- What orders were immediately carried out, making the apostle a prison- er? Meanwhile, what were the people demanding?
Acts 21:33-36 Then the chief captain came near, and took him, and commanded him to be bound with two chains; and demanded who he was, and what he had done. 34And some cried one thing, some another, among the multitude: and when he could not know the certainty for the tumult, he commanded him to be carried into the castle. 35And when he came upon the stairs, so it was, that he was borne of the soldiers for the violence of the people. 36For the multitude of the people fol- lowed after, crying, Away with him.
“By the Jewish law it was a crime punishable with death for an uncircumcised person to enter the inner courts of the sacred edifice. Paul had been seen in the city in company with Trophimus, an Ephesian, and it was conjectured that he had brought him into the temple. This he had not done; and being himself a Jew, his act in entering the temple was no violation of the law. But though the charge was wholly false, it served to arouse the popular prejudice. As the cry was taken up and borne through the temple courts, the throngs gathered there were thrown into wild excitement….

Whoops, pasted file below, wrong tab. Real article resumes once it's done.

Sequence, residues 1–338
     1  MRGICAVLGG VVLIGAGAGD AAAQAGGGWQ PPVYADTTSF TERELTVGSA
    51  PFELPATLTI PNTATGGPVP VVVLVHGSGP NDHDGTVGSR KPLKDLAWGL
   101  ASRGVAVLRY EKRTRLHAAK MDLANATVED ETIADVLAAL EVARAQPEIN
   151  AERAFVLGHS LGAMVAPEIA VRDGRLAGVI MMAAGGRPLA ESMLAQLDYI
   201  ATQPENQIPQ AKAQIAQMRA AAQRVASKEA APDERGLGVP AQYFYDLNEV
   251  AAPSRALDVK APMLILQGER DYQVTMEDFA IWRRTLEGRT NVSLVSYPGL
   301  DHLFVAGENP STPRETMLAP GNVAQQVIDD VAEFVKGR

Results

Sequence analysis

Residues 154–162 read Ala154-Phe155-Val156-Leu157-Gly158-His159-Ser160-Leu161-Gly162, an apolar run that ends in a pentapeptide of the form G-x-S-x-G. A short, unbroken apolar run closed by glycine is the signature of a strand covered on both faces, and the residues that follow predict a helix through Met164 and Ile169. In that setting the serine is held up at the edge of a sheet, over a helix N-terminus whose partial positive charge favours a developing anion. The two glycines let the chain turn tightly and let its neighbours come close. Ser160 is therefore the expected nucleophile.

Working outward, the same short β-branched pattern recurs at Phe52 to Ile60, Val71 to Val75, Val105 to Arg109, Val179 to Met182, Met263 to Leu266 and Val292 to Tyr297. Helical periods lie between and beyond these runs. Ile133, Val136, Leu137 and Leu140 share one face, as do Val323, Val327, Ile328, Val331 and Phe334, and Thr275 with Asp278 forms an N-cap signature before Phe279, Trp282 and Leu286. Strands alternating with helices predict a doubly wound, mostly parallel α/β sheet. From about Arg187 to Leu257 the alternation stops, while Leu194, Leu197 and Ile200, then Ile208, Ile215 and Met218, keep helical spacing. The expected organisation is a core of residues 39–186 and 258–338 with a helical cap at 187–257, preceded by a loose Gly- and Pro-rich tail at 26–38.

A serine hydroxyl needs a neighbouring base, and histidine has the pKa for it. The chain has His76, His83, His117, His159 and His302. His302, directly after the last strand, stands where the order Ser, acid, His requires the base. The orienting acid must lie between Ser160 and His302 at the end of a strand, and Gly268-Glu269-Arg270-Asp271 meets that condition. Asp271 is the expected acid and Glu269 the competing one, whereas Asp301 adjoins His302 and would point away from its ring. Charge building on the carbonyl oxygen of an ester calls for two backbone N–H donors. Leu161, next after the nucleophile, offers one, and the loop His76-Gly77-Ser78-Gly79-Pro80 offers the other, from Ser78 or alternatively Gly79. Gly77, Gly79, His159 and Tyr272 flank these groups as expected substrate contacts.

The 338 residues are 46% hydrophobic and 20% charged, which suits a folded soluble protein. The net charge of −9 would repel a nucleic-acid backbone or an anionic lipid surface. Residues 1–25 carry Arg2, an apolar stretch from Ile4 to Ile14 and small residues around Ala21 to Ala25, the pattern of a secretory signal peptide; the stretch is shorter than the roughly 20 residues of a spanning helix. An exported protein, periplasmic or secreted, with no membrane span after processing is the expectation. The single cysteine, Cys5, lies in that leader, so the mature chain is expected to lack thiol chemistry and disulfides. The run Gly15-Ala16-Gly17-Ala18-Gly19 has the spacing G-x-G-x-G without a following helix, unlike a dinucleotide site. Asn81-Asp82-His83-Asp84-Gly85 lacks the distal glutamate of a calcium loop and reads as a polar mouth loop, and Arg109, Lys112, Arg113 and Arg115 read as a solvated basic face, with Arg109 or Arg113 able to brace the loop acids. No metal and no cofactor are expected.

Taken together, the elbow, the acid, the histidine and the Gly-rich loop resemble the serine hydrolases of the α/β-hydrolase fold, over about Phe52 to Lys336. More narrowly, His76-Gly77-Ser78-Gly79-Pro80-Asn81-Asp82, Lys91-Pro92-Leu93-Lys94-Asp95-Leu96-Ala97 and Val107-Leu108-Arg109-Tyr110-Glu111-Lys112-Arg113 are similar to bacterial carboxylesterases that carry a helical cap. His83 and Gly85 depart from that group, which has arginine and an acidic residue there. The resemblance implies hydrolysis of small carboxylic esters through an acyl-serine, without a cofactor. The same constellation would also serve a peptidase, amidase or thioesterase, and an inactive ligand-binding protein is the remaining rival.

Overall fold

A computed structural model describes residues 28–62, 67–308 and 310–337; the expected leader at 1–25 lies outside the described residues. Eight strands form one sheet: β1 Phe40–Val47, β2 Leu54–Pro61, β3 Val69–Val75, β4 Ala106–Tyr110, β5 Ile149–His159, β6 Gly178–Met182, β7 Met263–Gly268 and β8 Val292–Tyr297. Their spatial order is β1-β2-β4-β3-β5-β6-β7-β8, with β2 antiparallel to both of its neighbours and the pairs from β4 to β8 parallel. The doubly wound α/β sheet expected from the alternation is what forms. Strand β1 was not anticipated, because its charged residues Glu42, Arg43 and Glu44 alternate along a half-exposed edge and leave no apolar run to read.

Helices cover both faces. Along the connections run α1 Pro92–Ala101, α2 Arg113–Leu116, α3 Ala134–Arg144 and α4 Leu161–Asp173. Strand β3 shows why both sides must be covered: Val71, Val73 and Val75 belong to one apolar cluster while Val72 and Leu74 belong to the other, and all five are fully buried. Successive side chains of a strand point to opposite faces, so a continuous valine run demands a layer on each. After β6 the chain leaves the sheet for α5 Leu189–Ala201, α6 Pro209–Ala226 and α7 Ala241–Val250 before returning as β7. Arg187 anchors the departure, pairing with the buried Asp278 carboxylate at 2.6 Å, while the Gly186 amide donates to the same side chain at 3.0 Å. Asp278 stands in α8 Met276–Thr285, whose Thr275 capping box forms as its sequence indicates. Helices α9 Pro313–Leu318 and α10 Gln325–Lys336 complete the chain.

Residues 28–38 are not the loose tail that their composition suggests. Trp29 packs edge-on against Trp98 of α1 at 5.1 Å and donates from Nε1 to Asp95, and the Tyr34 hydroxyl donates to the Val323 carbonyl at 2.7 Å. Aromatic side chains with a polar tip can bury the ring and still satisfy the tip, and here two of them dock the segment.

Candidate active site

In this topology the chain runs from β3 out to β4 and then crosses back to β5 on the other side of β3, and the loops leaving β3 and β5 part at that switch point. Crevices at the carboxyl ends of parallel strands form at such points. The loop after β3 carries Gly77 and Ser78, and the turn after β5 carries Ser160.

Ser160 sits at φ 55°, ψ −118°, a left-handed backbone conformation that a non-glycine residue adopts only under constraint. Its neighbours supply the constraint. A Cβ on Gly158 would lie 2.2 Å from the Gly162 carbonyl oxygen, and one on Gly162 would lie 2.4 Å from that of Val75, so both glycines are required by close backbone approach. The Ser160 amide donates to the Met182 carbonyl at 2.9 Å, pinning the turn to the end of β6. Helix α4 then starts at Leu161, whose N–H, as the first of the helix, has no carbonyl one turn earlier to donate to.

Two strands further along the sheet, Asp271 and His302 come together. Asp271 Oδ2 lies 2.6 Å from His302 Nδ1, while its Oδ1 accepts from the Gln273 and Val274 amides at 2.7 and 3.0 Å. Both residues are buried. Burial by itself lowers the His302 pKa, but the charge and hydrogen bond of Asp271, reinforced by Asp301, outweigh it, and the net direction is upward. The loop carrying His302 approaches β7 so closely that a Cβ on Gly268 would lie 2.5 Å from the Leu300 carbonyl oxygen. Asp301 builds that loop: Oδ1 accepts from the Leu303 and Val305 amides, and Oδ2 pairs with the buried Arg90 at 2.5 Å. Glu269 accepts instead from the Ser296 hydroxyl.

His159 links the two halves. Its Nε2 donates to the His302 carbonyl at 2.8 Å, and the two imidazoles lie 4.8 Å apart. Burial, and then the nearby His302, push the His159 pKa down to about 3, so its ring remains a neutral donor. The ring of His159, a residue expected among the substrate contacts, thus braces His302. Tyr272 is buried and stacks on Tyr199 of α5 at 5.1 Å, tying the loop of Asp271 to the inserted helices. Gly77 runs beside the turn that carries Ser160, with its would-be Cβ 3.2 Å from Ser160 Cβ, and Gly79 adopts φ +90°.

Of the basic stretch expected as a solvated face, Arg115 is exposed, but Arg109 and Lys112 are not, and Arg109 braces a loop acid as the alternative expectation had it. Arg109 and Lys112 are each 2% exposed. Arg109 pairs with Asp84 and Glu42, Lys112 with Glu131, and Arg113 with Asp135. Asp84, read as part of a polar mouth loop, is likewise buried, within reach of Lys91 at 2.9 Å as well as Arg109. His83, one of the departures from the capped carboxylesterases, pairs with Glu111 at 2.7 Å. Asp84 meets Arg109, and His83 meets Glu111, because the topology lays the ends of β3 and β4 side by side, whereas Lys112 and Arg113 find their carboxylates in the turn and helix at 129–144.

“Ignorant of the cause of the tumult, but seeing that the rage of the multitude was directed against Paul, the Roman captain concluded that he must be a certain Egyptian rebel of whom he had heard, who had thus far escaped capture…. At once many voices were raised in loud and angry accusation….” –The Acts of the Apostles, pp. 407, 408.
- What did Paul want the captain to realize? What did the officer give the apostle permission to do, realizing that he was not the revolutionary that he imagined?